November 25, 2007
In a widely read article1 Montreal Law Professor Dumont (2001) wrote, “How can our criminal laws better reflect the public’s concern for safety, while promoting their desire for a democratic society based on peace, liberty, tolerance and justice? To accomplish this goal, legislators and the Canadian public as a whole, should try to apply more reason than fear in developing criminal law infrastructure for safety. They must recognize the symbolic and political power of criminal laws, and determine the effectiveness of each punitive measure in terms of securing personal and public safety. Finally, legislators must always choose the solutions that will result in a peaceful, free, tolerant, and just society (Dumont 2001 ).”
The Canadian public supports mandatory sentences more as a way of denouncing crime than deterring it. Two out of three Canadians support mandatory minimum penalties even if research showed they would not reduce the likelihood of re-offence and 74 per cent of Canadians think sentencing is too lenient (Crutcher, Roberts, Verbrugge 2007).
In May 2006 the Canadian Minister of Justice talked about tackling crime and restoring confidence in the justice system. Law professor Peter Rosenthal questioned the degree to which harsher penalties were being promoted out of political interest in response to popular opinion and lacking in evidence-based research (SCJHR 2006).
“The most conclusive study on mandatory minimum sentences was conducted for the Solicitor General of Canada, by Mr. Crutcher and Mr. Tabor. These studies are very clear: mandatory minimum sentences do not act as deterrent, nor do they have an incidence when it comes to reoffending. There is no doubt about this. There is a whole host of studies demonstrating that they do not work. This bill is ideologically based and attempts to give a false sense of security (Réal Ménard to the SCJHR 2006:34).”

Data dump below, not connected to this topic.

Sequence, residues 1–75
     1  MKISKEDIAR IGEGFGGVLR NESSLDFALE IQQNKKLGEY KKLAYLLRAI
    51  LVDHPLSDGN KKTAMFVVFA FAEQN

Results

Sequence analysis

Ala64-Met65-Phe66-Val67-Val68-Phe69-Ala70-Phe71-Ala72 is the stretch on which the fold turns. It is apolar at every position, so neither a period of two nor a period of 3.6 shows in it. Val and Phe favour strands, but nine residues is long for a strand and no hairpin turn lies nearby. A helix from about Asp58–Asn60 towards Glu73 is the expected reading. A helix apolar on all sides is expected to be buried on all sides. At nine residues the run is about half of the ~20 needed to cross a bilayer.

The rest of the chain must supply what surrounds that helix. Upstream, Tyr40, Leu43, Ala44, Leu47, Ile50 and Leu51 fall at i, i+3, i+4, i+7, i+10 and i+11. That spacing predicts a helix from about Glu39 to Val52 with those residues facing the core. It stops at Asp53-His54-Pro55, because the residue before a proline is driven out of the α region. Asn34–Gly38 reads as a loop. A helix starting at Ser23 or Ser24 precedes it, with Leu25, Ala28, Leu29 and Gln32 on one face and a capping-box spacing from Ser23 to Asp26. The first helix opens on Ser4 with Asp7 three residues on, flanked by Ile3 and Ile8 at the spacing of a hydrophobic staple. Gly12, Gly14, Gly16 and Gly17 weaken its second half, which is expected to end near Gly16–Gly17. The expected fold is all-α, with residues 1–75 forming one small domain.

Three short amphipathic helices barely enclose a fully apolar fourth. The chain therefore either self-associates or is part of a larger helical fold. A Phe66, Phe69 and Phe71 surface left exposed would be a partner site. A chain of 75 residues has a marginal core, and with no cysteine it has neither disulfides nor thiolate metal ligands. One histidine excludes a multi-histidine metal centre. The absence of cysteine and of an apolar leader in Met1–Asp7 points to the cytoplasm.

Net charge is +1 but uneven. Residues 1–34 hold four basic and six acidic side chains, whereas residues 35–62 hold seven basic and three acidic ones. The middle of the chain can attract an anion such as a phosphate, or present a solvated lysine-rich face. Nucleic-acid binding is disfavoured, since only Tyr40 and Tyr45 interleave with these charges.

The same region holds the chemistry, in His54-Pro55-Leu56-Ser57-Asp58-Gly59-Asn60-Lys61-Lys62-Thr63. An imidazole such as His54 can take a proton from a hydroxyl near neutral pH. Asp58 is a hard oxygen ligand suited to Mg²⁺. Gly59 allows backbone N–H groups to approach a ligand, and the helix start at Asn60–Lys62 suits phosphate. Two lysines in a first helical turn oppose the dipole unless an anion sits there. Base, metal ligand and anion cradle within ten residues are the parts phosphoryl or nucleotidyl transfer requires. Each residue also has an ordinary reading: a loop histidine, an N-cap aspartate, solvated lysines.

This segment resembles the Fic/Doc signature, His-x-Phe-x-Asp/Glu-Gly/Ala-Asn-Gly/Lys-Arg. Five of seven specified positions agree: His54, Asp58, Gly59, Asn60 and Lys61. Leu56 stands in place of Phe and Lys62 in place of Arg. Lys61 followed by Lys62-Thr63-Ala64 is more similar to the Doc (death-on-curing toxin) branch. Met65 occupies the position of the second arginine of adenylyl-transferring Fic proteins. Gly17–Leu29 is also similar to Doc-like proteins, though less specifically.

Keywords: sociology, justice and human rights, public policy, evidence-based, social exclusion, at-risk to social exclusion, criminology, tough-on-crime, anti-crime, media and crime reporting, aboriginals and crime, mental illness, mandatory minimum sentences, political attractiveness,
1. The article was cited at the Standing Committee on Justice and Human Rights (2006) as capturing LEAF’s position on Bill C-10.
1980s “[I]n the late 1980s, the Canadian Bar Association issued a report called Locking Up Natives in Canada. One of the things they found in that report, looking at Saskatchewan, was that—and all these figures have gotten much worse—aboriginal youth in Saskatchewan are more likely to go to jail than to graduate from high school. The point was made in that report that jails were becoming our contemporary residential schools. That is certainly true [in 2006], as we see 22% of inmates in Canada being aboriginals. Those numbers are up. Every year, those numbers go up (SCJHR 2006).”
2005 There were 10 gun-related murders and 45 shootings in Jamestown, a small Toronto neighbourhood. Toronto police apprehended 106 members of the Jamestown Crew in 2006. Since then there have been no murders in Jamestown and very few shootings. [. . .T]he truly violent are a relatively small number. In Jamestown [the police] kept about 45 people in custody [in the summer of 2006] summer and the level of violent crime in that community plummeted by over 50% (SCJHR 2006:4, 8 ).
2006In May 2006 the Canadian Minister of Justice talked about tackling crime and restoring confidence in the justice system. There was question about the degree to which harsher penalties were being promoted out of political self interest in response to popular opinion (SCJHR 2006).
2006 Gun-related homicides in Canada fell by 16 per cent (CanWest 2007).
2006 22% of inmates in Canadian prisons are aboriginals.